UBC Theses and Dissertations
Estimation of cutting forces with CNC motor current data Ji, Zeen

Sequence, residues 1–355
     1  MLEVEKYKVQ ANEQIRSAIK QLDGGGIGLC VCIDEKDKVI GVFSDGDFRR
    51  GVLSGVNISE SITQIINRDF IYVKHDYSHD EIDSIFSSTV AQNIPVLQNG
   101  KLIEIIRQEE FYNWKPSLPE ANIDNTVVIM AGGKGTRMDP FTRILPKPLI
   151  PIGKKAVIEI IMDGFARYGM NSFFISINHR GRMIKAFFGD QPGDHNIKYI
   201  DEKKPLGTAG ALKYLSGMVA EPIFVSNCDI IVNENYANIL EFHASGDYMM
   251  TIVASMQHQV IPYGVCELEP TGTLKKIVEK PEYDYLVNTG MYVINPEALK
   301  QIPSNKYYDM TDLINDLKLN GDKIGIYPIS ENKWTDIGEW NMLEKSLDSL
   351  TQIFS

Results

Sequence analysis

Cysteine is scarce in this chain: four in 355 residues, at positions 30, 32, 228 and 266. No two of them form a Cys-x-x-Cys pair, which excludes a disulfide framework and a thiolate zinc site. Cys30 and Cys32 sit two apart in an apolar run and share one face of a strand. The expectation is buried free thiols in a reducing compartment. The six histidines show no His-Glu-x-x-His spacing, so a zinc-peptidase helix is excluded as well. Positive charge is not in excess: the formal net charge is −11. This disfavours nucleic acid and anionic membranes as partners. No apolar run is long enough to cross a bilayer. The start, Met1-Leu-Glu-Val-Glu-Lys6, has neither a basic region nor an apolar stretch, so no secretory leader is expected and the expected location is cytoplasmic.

The monitoring of machining process, tool damage and machine health are crucial to the part quality while avoiding damage to the machine tool. The cutting force provides important information about the state of the process and cutting tool because it correlates to the physics-based mathematical model of the process. This thesis presents methods for the estimation and prediction of cutting forces from the spindle and feed drive motor current data extracted from CNC. The spindle motor current is correlated to inertia, friction in the bearings, and cutting torque as a disturbance in closed-loop spindle speed controller. The Frequency response function (FRF) of the spindle servo drive is measured via a built-in CNC function. The state-space model of cutting torque disturbance of the spindle drive is modeled. Kalman Filter and Regularized Convolution (RD) are used to compensate the disturbance effects of electrical and mechanical dynamics to widen the bandwidth of cutting torque estimation from spindle motor current. Automatic tuning of Kalman Filter’s covariance and RD’s regularization factor is investigated by checking the Neural Network-based online tuning of Kalman Filter and the off-line L-curve tuning of both estimators. The proposed methods are experimentally illustrated in milling operations. It is shown that Kalman Filter can estimate the cutting forces on-line during machining. RD is used only in off-line estimation due to its computational cost, although it has higher accuracy due to its compensation at a wider frequency range. L-curve only achieves offline tuning due to its computational cost. Neural Network can auto-tune the estimator, but training the network requires high computational efforts. The feed drive motor current commands are used to predict the cutting forces in Cartesian coordinate system. The previous research illustrated that Kalman filter estimates the periodic cutting forces up to about 150 Hz bandwidth, provided that the FRF is not position-dependent, and friction is compensated. This thesis presents the use of average motor current to estimate the average cutting forces after friction compensation. The average forces are used to monitor the variation in cutting force coefficients which is used to calibrate the process simulation models in a digital twin environment.
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